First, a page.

Public Privacy

For people who dislike Texas Senator Ted Cruz (and there seem to be a lot of people in politics who fall into that category), it seemed almost too good to be true. Reports of the Republican presidential candidate engaging in behavior typical for politicians — telling donors one thing, and voters another — could seriously damage his campaign for president, especially coming at a time when he has surged in the polls and, despite his unpopularity with the powerbrokers in his party (or perhaps because of it), his path to the nomination is being seen as the most plausible of any of the candidates. But for a man whose unpopularity and appeal are due to his branding himself as the only “reliable conservative” in the race and someone who, unlike the “establishment,” can be trusted by the base, getting caught speaking out of two sides of his mouth would almost certainly be a death blow to his candidacy.

Cruz, of course, denied doing any such thing. The media then started releasing “secret tapes” from the fund-raisers, saying that the tapes proved their case. When most people heard that there were secret tapes, they all but bought in to the charges of inconsistency. After all, they wondered, what’s the point of saying something in private if it is consistent with what you’d say in public?

Marco Rubio sought to distinguish himself from his opponent, saying “My message is pretty consistent, whether it’s in a private meeting with an individual [or] donors, or in a broader setting.” A radio ad by a Super PAC supporting Mike Huckabee is airing an ad on Iowa radio reminding Iowans that “the next time you hear Ted Cruz tell you he shares our values, [remember] there are two Teds.”

Unfortunately for his opponents, it seems that it is indeed too good a story to be true. The tapes released actually showed an amazing consistency on the part of the senator and, in truth, only serve to help Cruz. Some commentators even wondered, only half-jokingly, whether his team wasn’t really the party behind the leaks.

Cruz isn’t the only candidate who has shown discipline in being consistent whether he is speaking in public or behind closed doors. Rubio — the candidate most experts believe will be the strongest opponent against Hillary Clinton, was the subject of a scathing article in The Conway Daily Sun, a daily newspaper based in New Hampshire. The author, Erik Eisele, called Rubio “a man so stuck on script it doesn’t even matter when the cameras are off,” when criticizing his apparent working with an “expectation of perfection” in an age where smartphones mean that anything said in private may just very well be secretly (or not even secretly) recorded and broadcast for the entire world.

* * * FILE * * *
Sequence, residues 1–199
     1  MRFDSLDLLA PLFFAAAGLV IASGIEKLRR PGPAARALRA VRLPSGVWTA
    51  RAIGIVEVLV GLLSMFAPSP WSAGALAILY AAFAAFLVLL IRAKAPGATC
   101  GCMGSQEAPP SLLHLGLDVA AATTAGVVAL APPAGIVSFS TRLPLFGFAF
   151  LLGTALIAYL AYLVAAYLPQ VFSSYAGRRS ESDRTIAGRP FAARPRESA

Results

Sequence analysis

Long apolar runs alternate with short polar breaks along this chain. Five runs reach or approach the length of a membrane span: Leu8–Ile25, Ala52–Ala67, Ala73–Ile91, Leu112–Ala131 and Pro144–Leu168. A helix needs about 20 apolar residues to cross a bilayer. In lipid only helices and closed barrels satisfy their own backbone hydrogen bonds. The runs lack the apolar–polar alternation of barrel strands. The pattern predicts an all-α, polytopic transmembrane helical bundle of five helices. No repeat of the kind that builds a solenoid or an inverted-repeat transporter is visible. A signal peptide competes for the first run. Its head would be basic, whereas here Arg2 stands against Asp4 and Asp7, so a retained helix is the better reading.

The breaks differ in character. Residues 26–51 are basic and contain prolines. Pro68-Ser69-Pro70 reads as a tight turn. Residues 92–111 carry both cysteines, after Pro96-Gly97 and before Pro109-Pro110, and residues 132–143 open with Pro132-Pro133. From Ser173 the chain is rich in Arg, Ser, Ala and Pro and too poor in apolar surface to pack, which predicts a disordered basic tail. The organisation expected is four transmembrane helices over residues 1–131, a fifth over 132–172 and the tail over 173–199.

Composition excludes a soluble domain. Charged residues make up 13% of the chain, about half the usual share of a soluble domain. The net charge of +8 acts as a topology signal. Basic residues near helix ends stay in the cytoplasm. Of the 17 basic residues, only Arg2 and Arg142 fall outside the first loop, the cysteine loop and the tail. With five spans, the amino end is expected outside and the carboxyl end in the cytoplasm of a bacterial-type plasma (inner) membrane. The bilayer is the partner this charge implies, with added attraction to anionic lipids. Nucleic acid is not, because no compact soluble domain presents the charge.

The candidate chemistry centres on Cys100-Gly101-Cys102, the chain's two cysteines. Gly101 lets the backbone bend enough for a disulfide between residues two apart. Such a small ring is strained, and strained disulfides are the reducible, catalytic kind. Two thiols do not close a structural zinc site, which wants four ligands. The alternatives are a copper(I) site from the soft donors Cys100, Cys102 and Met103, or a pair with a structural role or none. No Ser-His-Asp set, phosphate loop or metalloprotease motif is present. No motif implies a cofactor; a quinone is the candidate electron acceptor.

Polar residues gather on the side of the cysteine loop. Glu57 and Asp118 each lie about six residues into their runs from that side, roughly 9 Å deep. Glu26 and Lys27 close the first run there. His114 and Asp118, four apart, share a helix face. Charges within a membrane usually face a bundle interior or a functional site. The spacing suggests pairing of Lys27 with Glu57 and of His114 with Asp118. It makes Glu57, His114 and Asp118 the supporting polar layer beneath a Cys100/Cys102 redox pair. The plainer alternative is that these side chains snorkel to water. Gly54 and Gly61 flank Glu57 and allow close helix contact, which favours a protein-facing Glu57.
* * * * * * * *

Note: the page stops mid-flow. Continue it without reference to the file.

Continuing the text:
While people like Eisele (and, apparently, most of the political world) don’t appreciate the value of acting and speaking the same in private as in public, it is definitely something that is a very basic part of our value system. The Gemara (Bava Basra 3b-4a) relates that after Hordus killed all the chachamim who wouldn’t accept the validity of his kingship, he left Bava ben Butta alive (but blind), so he could avail himself of his counsel.

One day, Hordus, presenting himself as someone else, tried to get Bava ben Butta to speak ill about the king. After he refused multiple times, Hordus pointed out that they were alone, and he should feel free to express himself in private. Bava ben Butta responded by invoking the passuk (Koheles 10:20) which says, “Ki of hashamayim yolich es hakol, u’baal knafayim yagid davar — for a bird of the heavens will carry the voice, and a winged creature will relate the matter.”

We aren’t meant to limit this approach to only things we say. The Gemara (Sanhedrin 74a) tells us that during a she’as hashmad (when there are decrees that are meant to undermine our ability to practice our religion), the principle of yehareg v’al yaavor applies to all aveiros, not only the three cardinal sins to which it usually applies. This is true whether a person is being forced to transgress in front of others, or whether it took place “bechadrei chadarim — in one’s innermost chamber.” The Ran explains (Chiddushim) that the reason a decree that seeks to destroy the Torah needs to be fought in this way is because even death itself is not worse than undermining the Torah. Even if one only acquiesces in private, says the Ran, “hadavar misparsem — it will become publicly known,” and it will end up having the same deleterious effect.

With the advent of the smartphone, this has become easier and easier to understand. While the concept may have been more abstract just 10 years ago, today nobody has a hard time understanding, in a very tangible way, that there is very little difference between what is known to the public and what is said or done in private. It always was the case that “the walls have ears”; it was just harder to realize it. We must be doing an awful job being consistent if Hakadosh Baruch Hu is showing us that there is a need to be that way in such a perceptible manner.

If even politicians are catching on to this, it must be pretty obvious.